Archaeology & History
Gunung Padang: 'world's oldest pyramid' dates back up to 27,000 years
By T.K. Randall
November 4, 2023 · 29 comments
Could this site date back 27,000 years ? Image Credit: CC BY-SA 4.0 RaiyaniM
This enigmatic archaeological site in Indonesia has the potential to be the oldest monolithic structure on Earth.
Situated in West Java, Indonesia, Gunung Padang has long remained one of the most mysterious and hotly debated sites in archaeology.
Located 885 meters above sea level, the site, which covers an extinct volcano, consists of a series of steps and terraces and is home to thousands of hexagonal stone columns that are strewn everywhere.
For years, scientists have struggled to agree on exactly how old the site is, but now new radiocarbon dating tests have revealed that the oldest parts of the structure date back at least 16,000 years and could even date back as far as 27,000 years.
Construction was abandoned around 14,000 BC before beginning again between 7900 to 6100 BC.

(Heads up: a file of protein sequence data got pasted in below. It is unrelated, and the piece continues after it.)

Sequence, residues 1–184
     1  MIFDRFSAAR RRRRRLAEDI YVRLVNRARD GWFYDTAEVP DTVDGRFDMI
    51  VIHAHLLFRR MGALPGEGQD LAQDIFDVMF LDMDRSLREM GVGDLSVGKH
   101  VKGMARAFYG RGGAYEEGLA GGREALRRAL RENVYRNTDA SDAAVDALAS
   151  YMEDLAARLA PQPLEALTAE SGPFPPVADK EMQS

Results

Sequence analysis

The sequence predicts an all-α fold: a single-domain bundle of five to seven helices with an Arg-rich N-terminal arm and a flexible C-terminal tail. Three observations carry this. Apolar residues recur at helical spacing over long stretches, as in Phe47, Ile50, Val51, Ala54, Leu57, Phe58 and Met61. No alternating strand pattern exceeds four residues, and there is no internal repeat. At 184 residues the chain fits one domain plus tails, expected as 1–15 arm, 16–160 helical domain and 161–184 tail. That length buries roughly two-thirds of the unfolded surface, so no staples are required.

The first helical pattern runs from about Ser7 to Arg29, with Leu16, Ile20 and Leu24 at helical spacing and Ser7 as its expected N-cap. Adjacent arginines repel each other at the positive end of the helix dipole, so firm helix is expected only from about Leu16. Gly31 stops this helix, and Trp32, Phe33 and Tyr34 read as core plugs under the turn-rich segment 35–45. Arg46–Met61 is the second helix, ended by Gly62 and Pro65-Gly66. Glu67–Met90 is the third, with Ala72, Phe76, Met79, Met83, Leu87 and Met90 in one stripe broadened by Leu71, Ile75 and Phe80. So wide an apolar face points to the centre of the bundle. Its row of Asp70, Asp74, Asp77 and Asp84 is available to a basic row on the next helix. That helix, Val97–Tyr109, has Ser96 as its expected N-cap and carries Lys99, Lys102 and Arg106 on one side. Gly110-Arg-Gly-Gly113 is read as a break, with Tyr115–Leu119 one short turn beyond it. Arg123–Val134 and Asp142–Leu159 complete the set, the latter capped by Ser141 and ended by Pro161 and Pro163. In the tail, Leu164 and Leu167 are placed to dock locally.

The most recent part of the structure was completed sometime between 2000 and 1100 BC.
If Gunung Padang really is over 16,000 years old, then it predates the Egyptian pyramids, Stonehenge and even Turkey's Gobekli Tepe - a site that had already shaken up our understanding of what our ancestors were capable of around 11,000 years ago.
Beyond that, if construction of the site dates back 27,000 years, then it completely rewrites the history books and opens up big questions about our history.
Researcher Graham Hancock, who covered Gunung Padang in his Netflix series Ancient Apocalypse
, has long suggested that the site was built by a civilization long lost to time.
If these new findings are to be believed, he may have been on to something all along.
Source: BBC News
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